Goodwill is the amount by which the value of a business as a going concern exceeds the value of its net assets, if they were sold separately. It is an intangible asset because it cannot be touched or seen physically. Goodwill may not be shown in the balance sheet for reasons that will be explained later. Nevertheless, it must be considered when a partnership change occurs.
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Factors that can give rise to goodwill are as follows:
- The location of the company.
- The quality of the product and services.
- The quality of the employees willing to continue after the business changes hand.
- Monopolistic advantage of the company.
- Possession of trademarks and patent rights to be used by the buyer.
- Opportunity for the buyer to retain the same name.
- Quality of the research and development that can be taken over.
- Good public image and reputation build by organization over the years.
Introduction of Goodwill
Goodwill may be introduced if any of the following situations occur:
- Admission of a new partner
- Change in profit-sharing ratio of partners
- Retirement or death of a partner
- Dissolution of partnership business
- Business purchase
Types of Goodwill
- Inherent goodwill
- Fugitive goodwill
- Purchased goodwill
The first two are non-purchased goodwill. Value cannot be placed on them. These types of goodwill exist in a business but will disappear immediately as the business changes hand. Examples include goodwill attached to the owner of the business, location, employees and so on. When any of these are not taken over, the goodwill will be vanished.
However, purchased goodwill arises as a result of one company acquiring another. This type of goodwill remains in the business even if the ownership changes. The value of goodwill is the difference between the purchase price (purchase consideration) and the book value of the assets.
Valuation of Goodwill
There are many methods of valuing goodwill, the method adopted is the sole responsibility of the partnership. The common methods are as follows:
- Purchase of average profit
- Purchase of average gross fee income
- Purchase of average super profit
- Excess of purchase price of a business over value of tangible net assets taken over.
Accounting for Goodwill in the Books of a Partnership Business
Irrespective of the method of a valuation of goodwill used, the value of goodwill can be retained in the books or written off immediately. Goodwill account is opened and credited to partners in their old profit-sharing ratio.
How to account for goodwill when no goodwill account is opened.
Partner often do not wish to record goodwill in their books for two reasons:
- The value placed on goodwill is usually very difficult to justify being a matter of opinion; it may not even exist.
- If goodwill is shown in the balance sheet, it would be difficult to persuade a prospective purchaser of the business to pay more, even if the value had increased since goodwill was first introduced into the books.
When there is a partnership change and the partners decide not to open a goodwill account, the procedure to be followed is as follows:
Step 1: Credit the partner’s capital accounts with their share of goodwill in their old profit-sharing ratio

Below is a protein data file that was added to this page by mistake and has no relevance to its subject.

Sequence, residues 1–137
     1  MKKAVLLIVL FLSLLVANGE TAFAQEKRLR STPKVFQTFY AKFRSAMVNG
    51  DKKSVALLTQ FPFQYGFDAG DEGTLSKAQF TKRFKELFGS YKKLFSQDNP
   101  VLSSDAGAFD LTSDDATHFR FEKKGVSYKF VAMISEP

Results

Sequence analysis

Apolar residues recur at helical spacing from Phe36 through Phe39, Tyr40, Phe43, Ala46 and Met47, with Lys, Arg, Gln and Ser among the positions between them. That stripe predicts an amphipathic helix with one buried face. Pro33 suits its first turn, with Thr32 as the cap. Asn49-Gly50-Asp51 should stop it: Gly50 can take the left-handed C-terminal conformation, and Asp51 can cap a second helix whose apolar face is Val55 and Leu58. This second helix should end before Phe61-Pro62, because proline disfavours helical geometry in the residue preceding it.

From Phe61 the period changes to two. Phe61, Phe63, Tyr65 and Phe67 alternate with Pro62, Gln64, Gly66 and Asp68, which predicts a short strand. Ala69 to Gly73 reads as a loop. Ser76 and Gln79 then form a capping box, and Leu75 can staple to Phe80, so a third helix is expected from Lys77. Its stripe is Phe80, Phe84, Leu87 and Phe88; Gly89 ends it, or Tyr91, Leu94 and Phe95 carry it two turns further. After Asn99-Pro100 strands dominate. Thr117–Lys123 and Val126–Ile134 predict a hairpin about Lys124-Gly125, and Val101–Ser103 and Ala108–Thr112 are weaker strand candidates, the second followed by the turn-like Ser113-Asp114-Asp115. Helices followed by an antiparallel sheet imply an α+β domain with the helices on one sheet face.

Step 2: Debit the partners’ capital accounts with their share of goodwill in their new profit-sharing ratio.
Apportionment of Profit
Partnership changes often occur in the middle of a firm’s financial year. If a profit and loss account is not prepared at the time of the change, the profit and loss for the financial year must be apportioned between the periods before and after the change. If the profit and loss is assumed to have been earned evenly throughout the year, it should be divided between the old and new partnership on a time basis. However, any expenses not incurred on time basis must be allocated to the period to which they belong. The profit and loss account can be prepared in columnar form to show the apportionment of profit.
Illustration 4: Change in profit-sharing ratio
Shola and Shogo are partners sharing profits and losses equally after allowing Shola a salary of N10,000 p.a. On 1 January 2010, their capital and current accounts balances were as follows:
On 1 July, 2010, the partners agree to the following revised terms of partnership.
- Shola to transfer N5,000 from his capital accounts to a loan account on which he would be entitled to interest at 10% per annum.
- Shogo to bring his private car into the firm at a valuation of N12,000
- Shogo to receive a salary of N5,000 per annum.
- Profits and losses to be shared: Shola – , Shogo-
Additional information for the year ended 31 December, 2010 is as follows:
|Sales (spread evenly throughout the year)|
Cost of Sales
Of the general expenses, N5,000 was incurred in the 6 months to 30 June 2010.
Shogo’s car is to be depreciated over four years on the straight line basis and is assumed to have no value at the end of that time.
All sales produces a uniform rate of gross profit.
- Prepare the trading, profit and loss and appropriation accounts for the year ended 31 December 2010.
- Prepare the partners current accounts for the year ended 31 December 2010.
Shola and Shogo
Trading, Profit and Loss and Appropriation Account for the
Year Ended 31 December 2010
Less: cost of sales
Gross profit c/d
| Year to|
|Gross profit b/d||56,250||56,250||112,500|
|Depreciation – Car||1,500||1,500|
|Less: Salary – Shola|
|Net profit b/f||16,250||12,000||28,250|
|Share of profit|
|Shola ( ), ( )||8,125||7,200||15,325|
|Shogo ( ), ( )||8,125||4,800||12,925|
(b) Partners Current Account
|Bal. c/d||27,825||20,425||Bal. b/d|
Share of profit